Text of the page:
The Joy of Looking – Shapes and Shadows!

Happy New Year, everyone and thank you for your comments and greetings on my Christmas cartoon.

What do artists do when they’re not making art? I, for one, look. I never stop looking. Yesterday, I was out birding (my hobby) with a friend in the southern Ontario countryside. By the way, you’ll notice the very unusual lack of snow on the ground.

I am not much of a photographer but I carry my camera with me on these excursions. Late in the afternoon, the low light was spectacular and I noticed some interesting cast shadow shapes on silos and barns. My friend (the driver) was kind enough to stop so I could take a few shots.

Chatham-Kent County, Ontario

Silo Shadow #1

Other than the light, I was attracted to Silo Shadow #1 by the shape of the cast shadow on the barn roof. Wait a minute! There’s no visible crenelation in the silo itself. I think of this as a sort of ‘found’ visual pun. These things attract my eye and amuse me.


Silo Shadow #2

Silo Shadow #2

You can probably figure out what I like about Silo Shadow #2. It’s the way the curving shadow on the silo runs onto the barn roof. The joy of looking! I never know what visual treats I’ll see next.

If you’ve read to this point, you deserve a treat. Here’s a photo of a Snowy Owl. This beautiful bird flew up from the roadside, over our vehicle, and into the next field. These owls descend from the far north every winter. They’re not used to vehicles and can be quite prone to car strikes. We saw five Snowy Owls yesterday and they sure stand out against the snowless fields.

Snowy Owl

Snowy Owl


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11 Responses to “The Joy of Looking – Shapes and Shadows!”

  1. Heather F. Clarke PhD (Nursing) Says:

    love the images Barry – any explanation for the strange cast shadow in #1? Off to Israel on Thursday – I’ll be looking and clicking!

  2. Joanne Ross Says:

    Great visual treats, Barry, especially the owl! Thanks for reminding us of the way these sights are all joyful to those of us who are “lookists”.

  3. Mary Gurr Says:

    Thanks Barry, I always enjoy your posts and yes those shadows were interesting. 5 snowy owls must be a record!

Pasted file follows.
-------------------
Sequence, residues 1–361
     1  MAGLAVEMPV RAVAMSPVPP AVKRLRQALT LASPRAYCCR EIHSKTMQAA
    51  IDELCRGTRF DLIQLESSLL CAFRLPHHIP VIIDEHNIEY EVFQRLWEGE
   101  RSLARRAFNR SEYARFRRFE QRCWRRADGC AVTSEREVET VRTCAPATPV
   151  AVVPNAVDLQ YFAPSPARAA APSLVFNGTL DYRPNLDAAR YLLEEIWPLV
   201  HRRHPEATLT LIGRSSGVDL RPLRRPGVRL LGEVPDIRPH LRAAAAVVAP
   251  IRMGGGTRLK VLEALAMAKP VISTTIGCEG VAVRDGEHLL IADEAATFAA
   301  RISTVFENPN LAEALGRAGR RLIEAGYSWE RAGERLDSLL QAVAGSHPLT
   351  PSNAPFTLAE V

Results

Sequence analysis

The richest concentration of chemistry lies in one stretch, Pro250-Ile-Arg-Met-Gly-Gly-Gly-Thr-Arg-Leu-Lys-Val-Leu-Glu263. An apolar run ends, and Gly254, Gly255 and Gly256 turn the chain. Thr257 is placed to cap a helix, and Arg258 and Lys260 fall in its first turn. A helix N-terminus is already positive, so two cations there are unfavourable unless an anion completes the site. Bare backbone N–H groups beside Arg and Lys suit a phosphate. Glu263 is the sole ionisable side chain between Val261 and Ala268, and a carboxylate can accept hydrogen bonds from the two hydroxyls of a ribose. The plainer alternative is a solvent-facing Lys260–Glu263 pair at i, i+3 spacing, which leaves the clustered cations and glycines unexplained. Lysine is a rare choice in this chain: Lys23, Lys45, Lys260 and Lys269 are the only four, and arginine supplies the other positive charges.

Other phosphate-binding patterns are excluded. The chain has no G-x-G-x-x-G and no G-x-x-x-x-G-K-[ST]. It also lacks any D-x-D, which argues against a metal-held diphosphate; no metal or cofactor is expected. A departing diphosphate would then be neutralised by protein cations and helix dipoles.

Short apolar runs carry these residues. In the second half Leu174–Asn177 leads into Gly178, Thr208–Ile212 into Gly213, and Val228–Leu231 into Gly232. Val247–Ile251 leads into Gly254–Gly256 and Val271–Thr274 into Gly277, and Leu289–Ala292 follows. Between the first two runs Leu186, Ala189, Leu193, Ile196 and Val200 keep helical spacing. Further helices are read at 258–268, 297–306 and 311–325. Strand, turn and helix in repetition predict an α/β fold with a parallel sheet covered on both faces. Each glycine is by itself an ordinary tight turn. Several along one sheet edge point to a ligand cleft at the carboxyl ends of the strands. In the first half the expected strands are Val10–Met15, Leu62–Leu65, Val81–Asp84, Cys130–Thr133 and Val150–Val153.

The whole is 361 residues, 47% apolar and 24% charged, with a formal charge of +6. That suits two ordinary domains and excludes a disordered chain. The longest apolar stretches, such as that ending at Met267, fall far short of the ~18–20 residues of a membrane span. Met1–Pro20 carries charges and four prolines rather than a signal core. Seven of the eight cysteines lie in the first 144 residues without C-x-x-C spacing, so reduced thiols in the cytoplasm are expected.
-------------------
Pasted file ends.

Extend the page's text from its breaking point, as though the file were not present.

Happy New Year to you and Aleda

  4. Jacques Descoteaux Says:

    Great pictures. I love the colours on the barns.

  5. George Hume Says:

    Almost all concrete silos have a continuous slot on the barn side to allow access and pitching the silage out. The bottom of the crenellation is actually the shadow of the near side of the silo.

    • Ruth Bailey Says:

      Thanks for the explanation, George! This is a great example of the advice one of my instructors gave: walk around your subject, if possible, so that you understand what you are really seeing.

      • Barry Coombs Says:

        George is a wealth of knowledge, Ruth. He’s an architect and also grew up on a farm. His most recent watercolour is on the bottom right of the Sustained Saturday Critique from January 9.

  6. Joan Wolfe Says:

    Happy New Year to you Barry. Always enjoy your posts. Great pictures and thank you for the great reminder of the joys to be found when we take time to really look. I now understand why the Sifton Bog was of interest to you when you did the workshop for us in London. Knew you were interested in birds but hadn’t realized you were a serious birder. Wonderful photo of the owl. Thank you for your wonderful posts throughout the year, your generous sharing of your knowledge, and the virtual painting trips you take us on through your photos and posts. Greatly appreciated. With gratitude, Joan Wolfe.

  7. Marie Natanson Says:

    Thank you Barry and all the very best to you for 2016 warmest regards Marie

  8. Ruth Bailey Says:

    Thanks for the pictures, Barry! In addition to the cast shadows, these are great examples of the color shift from sunlight to form shadows. Best wishes to you and your students in 2016!

  9. Chiquita Phillips Says:

    Great barns & also the owl. Thanks, Barry

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